Bracket is the little brother of Hinge, our other Long-eared owl that lives at The Secret Owl Garden, Haverfordwest. He is such an adorable character and one of the more rare owls to spot in the wild in the UK. Bracket gets very excited when it is his time to come out and fly and can be seen 'dancing'! The 'tufts' on his head are not really ears but more like eyebrows and they show us what mood Bracket is in. Most of the time he is very relaxed, so his tufts are relaxed too - that is until he sees a mouse!
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LONG-EARED OWL FACTS
Asio otus, previously Strix otus
Long eared owl has an extensive range extending throughout North America, several Atlantic Islands, Europe and Asia as far as Japan. Partially migratory, moving south in winter from the northern parts of its temperate range.
Long-eared owls inhabit dense vegetation close to grasslands, as well as open forests shrub lands. They are common in tree belts along streams of plains and even desert oases. They can also be found in small tree groves, thickets surrounded by wetlands, grasslands, marshes and farmlands, they are secretive and rarely seen.
Hunting in open country, catching field voles, shrews other small rodents and birds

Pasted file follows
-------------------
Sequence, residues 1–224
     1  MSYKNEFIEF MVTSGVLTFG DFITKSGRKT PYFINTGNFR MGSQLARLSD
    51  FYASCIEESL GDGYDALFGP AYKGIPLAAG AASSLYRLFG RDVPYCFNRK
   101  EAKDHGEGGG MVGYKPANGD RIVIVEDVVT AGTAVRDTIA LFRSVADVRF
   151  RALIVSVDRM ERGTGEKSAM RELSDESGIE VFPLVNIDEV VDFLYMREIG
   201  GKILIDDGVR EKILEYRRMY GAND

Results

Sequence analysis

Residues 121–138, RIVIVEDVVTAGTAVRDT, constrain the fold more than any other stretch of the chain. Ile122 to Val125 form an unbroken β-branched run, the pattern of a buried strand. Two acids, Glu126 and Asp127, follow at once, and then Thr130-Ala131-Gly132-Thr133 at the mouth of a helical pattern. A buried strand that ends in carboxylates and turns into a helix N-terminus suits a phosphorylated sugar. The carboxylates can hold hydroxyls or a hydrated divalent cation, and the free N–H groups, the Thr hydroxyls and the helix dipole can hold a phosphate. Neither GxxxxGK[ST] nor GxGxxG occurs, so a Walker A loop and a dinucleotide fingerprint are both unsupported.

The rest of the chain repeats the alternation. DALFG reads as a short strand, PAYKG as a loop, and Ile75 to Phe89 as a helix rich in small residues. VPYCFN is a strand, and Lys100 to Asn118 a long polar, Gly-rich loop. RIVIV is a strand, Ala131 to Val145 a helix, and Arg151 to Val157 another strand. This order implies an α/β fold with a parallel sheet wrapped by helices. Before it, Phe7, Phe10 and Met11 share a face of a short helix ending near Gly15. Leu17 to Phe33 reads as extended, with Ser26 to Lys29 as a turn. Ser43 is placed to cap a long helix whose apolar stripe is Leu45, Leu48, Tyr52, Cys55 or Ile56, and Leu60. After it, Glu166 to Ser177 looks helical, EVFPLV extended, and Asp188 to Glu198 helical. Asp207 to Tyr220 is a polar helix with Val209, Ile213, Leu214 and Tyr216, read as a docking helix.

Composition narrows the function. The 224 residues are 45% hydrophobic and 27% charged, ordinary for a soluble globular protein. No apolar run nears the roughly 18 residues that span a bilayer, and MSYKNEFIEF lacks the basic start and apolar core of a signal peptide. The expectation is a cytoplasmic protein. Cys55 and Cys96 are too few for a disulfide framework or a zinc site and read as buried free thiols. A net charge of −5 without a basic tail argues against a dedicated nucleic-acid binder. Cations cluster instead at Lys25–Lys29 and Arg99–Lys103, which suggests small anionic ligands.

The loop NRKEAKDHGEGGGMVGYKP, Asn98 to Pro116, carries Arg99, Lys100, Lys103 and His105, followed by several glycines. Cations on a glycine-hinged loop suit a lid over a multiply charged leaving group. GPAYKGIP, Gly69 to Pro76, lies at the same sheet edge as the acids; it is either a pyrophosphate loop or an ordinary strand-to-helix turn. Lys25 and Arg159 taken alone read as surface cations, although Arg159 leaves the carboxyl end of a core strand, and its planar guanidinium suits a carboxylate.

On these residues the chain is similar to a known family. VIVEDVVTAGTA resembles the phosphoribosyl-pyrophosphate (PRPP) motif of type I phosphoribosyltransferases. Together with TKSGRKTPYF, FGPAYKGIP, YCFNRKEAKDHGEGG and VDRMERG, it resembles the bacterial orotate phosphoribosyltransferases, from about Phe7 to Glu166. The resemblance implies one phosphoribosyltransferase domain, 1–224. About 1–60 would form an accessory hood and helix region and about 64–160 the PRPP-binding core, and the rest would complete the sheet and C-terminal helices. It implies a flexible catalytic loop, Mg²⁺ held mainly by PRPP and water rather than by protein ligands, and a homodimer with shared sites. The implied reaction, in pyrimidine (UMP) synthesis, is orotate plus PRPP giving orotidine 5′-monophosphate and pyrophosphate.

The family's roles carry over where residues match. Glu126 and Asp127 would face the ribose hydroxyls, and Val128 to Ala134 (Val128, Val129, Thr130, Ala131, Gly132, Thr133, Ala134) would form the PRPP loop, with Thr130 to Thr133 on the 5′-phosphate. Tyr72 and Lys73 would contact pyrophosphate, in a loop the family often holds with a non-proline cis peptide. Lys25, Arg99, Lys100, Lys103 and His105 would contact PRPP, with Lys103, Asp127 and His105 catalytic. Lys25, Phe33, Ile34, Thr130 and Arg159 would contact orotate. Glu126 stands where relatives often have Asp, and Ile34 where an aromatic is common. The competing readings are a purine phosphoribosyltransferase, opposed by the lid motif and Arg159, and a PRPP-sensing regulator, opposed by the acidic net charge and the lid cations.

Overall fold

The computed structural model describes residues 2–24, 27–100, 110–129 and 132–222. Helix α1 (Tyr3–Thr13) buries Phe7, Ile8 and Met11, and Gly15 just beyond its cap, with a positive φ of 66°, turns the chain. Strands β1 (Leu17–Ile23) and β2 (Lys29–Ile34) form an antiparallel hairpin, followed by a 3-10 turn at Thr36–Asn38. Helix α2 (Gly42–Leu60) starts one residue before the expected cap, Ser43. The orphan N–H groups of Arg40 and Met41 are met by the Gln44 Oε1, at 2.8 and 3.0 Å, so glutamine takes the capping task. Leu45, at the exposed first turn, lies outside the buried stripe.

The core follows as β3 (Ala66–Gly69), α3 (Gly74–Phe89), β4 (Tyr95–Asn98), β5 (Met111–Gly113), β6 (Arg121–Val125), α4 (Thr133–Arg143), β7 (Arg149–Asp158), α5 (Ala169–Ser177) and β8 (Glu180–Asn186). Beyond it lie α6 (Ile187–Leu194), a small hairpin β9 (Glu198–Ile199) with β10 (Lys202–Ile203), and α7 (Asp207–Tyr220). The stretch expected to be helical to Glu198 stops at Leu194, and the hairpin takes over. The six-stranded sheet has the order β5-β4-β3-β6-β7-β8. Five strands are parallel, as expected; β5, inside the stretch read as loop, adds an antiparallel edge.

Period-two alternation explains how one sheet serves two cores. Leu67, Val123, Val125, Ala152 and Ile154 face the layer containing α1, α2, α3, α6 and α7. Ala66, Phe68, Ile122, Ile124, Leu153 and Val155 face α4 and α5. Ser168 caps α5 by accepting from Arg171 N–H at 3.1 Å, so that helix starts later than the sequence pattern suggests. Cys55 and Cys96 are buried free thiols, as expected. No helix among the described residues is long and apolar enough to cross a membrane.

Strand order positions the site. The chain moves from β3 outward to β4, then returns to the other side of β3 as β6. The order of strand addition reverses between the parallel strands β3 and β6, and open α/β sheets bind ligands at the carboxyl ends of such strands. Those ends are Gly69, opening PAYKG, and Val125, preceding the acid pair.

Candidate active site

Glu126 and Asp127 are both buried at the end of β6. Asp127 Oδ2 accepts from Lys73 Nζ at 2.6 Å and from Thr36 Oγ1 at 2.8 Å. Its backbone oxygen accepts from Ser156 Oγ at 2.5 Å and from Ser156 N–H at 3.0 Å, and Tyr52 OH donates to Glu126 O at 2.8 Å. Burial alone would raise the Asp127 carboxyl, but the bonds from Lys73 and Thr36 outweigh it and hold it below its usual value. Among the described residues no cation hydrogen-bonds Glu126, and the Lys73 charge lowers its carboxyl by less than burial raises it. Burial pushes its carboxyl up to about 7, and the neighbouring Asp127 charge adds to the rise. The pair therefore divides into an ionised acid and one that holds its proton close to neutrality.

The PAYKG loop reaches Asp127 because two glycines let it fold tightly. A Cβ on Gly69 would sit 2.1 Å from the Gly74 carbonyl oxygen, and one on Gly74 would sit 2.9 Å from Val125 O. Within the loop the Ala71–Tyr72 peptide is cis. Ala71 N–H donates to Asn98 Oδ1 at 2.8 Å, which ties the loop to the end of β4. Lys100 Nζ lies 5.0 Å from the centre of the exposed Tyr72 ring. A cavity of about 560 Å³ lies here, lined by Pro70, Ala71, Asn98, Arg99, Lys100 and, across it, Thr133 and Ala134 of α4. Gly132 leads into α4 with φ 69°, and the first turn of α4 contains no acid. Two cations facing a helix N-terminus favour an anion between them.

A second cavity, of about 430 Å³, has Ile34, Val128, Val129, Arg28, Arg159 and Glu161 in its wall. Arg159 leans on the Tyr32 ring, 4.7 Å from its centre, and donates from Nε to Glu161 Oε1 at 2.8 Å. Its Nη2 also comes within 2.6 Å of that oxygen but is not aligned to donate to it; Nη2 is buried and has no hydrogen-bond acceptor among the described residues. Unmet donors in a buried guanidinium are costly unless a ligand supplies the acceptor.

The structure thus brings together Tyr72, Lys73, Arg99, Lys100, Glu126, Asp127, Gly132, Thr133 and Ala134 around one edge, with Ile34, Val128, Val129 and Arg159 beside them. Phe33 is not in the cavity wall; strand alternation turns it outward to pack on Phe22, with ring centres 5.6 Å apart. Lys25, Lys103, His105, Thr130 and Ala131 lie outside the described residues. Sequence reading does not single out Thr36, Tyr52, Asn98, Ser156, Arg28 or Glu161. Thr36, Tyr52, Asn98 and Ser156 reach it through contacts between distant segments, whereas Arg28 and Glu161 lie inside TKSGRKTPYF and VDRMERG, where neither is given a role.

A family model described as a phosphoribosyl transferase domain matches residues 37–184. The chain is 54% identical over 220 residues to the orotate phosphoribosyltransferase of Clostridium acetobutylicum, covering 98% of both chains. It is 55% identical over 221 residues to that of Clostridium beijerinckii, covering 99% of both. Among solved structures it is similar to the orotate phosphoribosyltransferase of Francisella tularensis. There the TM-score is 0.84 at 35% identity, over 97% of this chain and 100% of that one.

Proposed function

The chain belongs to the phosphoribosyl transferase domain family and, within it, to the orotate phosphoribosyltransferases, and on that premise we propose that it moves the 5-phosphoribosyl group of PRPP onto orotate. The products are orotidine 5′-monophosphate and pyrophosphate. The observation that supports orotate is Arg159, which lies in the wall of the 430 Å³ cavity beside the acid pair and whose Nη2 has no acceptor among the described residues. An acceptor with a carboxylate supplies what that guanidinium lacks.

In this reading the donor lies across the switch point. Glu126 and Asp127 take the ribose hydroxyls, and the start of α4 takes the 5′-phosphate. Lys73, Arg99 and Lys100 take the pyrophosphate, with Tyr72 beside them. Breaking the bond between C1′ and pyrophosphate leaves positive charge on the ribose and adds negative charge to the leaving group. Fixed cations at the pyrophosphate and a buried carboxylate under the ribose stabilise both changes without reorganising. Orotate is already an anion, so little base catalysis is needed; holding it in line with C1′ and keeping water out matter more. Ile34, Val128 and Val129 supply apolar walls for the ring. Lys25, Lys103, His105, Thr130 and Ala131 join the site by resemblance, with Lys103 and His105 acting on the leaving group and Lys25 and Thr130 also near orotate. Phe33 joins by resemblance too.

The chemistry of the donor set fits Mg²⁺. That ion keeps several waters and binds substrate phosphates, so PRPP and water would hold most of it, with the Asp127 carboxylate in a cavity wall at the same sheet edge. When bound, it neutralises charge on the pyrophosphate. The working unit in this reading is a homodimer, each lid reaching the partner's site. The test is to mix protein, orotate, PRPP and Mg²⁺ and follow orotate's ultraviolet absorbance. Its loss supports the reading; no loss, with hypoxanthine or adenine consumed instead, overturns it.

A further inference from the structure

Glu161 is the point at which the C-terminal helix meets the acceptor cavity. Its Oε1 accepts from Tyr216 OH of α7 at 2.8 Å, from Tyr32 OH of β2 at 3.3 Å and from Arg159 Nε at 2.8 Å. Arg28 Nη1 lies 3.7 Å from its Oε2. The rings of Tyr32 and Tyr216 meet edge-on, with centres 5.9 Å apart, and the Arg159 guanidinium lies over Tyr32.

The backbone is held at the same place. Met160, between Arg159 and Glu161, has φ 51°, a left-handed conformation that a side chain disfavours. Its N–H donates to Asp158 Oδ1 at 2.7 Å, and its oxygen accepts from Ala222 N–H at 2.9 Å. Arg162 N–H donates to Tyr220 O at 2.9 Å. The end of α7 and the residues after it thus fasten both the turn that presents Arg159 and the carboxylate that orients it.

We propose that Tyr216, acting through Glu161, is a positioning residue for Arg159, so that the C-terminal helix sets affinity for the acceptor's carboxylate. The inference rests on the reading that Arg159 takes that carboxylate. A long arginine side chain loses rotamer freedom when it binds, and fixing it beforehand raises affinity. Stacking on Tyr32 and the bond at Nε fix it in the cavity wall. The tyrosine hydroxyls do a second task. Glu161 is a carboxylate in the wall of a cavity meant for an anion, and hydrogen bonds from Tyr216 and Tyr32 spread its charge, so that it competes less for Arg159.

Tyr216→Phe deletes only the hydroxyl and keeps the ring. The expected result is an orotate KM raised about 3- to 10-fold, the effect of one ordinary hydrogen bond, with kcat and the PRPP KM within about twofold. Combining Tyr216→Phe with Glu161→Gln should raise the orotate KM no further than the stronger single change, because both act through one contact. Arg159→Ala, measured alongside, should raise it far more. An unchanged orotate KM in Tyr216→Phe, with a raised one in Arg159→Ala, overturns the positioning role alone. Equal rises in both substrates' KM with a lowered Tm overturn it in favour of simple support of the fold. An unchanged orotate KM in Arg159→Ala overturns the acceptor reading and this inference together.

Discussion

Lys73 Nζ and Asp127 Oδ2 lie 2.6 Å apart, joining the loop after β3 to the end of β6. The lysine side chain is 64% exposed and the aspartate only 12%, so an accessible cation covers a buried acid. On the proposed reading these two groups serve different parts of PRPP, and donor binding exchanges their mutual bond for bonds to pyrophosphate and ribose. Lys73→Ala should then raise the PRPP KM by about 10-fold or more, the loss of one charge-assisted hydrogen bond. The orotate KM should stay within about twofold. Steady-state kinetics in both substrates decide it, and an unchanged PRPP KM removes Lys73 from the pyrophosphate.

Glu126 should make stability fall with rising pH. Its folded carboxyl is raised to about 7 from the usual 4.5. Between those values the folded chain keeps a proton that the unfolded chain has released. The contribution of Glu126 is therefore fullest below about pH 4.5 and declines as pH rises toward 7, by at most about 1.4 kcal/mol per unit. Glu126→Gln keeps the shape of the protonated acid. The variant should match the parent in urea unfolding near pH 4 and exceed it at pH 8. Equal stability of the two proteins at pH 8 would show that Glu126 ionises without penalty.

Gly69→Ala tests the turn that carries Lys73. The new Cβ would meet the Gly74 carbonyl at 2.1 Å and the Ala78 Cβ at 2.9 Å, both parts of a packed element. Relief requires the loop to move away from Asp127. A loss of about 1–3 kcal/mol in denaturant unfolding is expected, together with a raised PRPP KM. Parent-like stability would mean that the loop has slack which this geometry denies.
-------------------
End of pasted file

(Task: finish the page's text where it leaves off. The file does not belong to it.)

Long-eared owls are medium-sized owls. Females are generally much larger than males.
260 – 435g 27 – 40cm long
220 – 305g 35 – 37.5cm long
The wingspan of adults ranges from 90 to 100 cm.
It nests in trees, often conifers using old sticks from other nest. Breeding season is from February to July, average clutch 4-6 eggs and the incubation time averages 25-30 days. Owlets begin to explore the nest and close branches around 3 weeks and are capable of flight from 5 weeks, they still rely on being fed for up to 2 months. Long-eared owls usually begin breeding at 1 year.
11 years old is the Average age in the wild
27 years Oldest record in the wild
The British Bird Of Prey Centre
SUPPORT US THOUGH COVID-19
We have been closed since the end of March due to COVID-19. This is a very difficult time for us all. Although we will be reopening on 6th July we have lost most of the season and our visitor income from this period usually sees us through the winter. If you would like to support our Centre please make a donation here.